The seeds cost the same as a potted plant and by the time you get a seed grown plant to become mature (a few if you are lucky), you'll probably end up with TONS of divisions from an already bought mature plant.
    Trust me, I've done the things like that before with less then perfect results.
    If you want to try seeds anyways stratification isn't necesary in my experience, and the water method will work, but I find it easier just to sow them on cp soil and wait, wait, and wait. But experimentation is the key to growing these awesome plants!
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  4. #4

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    Quote Originally Posted by [b
    Quote[/b] ]The seeds cost the same as a potted plant
    not really ... $4+ package of 20 seeds, or about $4-5 for one plant.

    Quote Originally Posted by [b
    Quote[/b] ]In my experience you have to start from the bottom up when dealing with cp's. No short cut here. You will probably fail at growing them from seeds since they are a lot harder to keep alive and it is just a hassle especially if you are a new grower.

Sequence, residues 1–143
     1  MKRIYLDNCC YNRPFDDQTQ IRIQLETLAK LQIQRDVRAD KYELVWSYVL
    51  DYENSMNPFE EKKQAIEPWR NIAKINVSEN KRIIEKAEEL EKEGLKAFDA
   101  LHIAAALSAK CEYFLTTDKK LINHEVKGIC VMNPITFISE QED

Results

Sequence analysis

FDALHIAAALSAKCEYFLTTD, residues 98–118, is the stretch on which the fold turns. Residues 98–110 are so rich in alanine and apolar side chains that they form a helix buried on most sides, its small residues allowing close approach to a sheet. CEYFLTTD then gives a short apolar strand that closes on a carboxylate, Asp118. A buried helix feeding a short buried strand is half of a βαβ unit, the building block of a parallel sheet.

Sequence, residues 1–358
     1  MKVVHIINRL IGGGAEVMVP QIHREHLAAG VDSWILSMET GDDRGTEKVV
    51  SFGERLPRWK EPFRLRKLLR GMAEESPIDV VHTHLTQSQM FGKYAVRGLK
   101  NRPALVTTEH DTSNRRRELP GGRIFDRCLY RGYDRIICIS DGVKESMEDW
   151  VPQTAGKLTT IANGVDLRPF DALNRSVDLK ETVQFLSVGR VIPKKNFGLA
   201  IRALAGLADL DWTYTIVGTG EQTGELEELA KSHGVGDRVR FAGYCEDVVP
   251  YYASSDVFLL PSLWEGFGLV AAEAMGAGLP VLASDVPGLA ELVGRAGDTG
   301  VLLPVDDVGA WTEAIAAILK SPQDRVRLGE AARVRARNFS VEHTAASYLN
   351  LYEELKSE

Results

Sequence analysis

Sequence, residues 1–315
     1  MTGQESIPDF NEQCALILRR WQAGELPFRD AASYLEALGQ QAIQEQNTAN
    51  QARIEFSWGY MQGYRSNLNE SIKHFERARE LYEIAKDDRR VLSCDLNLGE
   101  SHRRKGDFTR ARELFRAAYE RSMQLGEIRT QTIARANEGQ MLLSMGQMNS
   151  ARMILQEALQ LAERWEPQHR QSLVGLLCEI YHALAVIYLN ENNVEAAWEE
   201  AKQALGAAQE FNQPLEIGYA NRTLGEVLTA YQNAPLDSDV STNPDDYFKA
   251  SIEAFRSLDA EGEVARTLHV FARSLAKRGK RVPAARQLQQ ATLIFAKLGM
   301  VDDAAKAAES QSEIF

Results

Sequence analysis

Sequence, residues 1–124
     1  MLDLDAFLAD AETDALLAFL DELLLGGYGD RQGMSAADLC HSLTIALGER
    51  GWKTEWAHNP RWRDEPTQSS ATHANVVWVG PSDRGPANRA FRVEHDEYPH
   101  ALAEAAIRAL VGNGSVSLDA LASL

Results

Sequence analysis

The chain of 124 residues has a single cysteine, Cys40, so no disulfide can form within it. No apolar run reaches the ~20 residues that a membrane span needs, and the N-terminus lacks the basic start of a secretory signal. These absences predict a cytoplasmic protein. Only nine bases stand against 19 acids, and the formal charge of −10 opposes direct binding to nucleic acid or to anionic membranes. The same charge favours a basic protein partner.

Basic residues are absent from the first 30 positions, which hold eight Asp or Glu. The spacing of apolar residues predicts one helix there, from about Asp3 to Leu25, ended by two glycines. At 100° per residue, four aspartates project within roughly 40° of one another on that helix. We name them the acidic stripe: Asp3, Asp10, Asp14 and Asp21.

I'm up for the challenge. I'm a newbie carnivorous grower, but not a newbie grower. In my opinion ... I am starting from the bottom up. It wouldn't be right to be able to take care of, feed, and flower a plant that I can't get to start growing. I see what you're saying ... I know it would be a lot easier and possibly more rewarding to get an already established plant, but when you grow something from seed ... if you really enjoy growing as a hobby, they're not just your plants, they're your children. lol

    Quote Originally Posted by [b